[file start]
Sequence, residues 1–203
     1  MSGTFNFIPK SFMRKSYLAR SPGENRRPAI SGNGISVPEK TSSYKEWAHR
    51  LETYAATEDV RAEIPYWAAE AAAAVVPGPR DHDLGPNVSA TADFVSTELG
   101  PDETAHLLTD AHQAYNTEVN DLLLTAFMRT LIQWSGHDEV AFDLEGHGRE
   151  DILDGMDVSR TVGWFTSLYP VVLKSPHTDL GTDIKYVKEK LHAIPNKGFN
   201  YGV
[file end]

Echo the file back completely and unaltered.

Sequence, residues 1–203
     1  MSGTFNFIPK SFMRKSYLAR SPGENRRPAI SGNGISVPEK TSSYKEWAHR
    51  LETYAATEDV RAEIPYWAAE AAAAVVPGPR DHDLGPNVSA TADFVSTELG
   101  PDETAHLLTD AHQAYNTEVN DLLLTAFMRT LIQWSGHDEV AFDLEGHGRE
   151  DILDGMDVSR TVGWFTSLYP VVLKSPHTDL GTDIKYVKEK LHAIPNKGFN
   201  YGV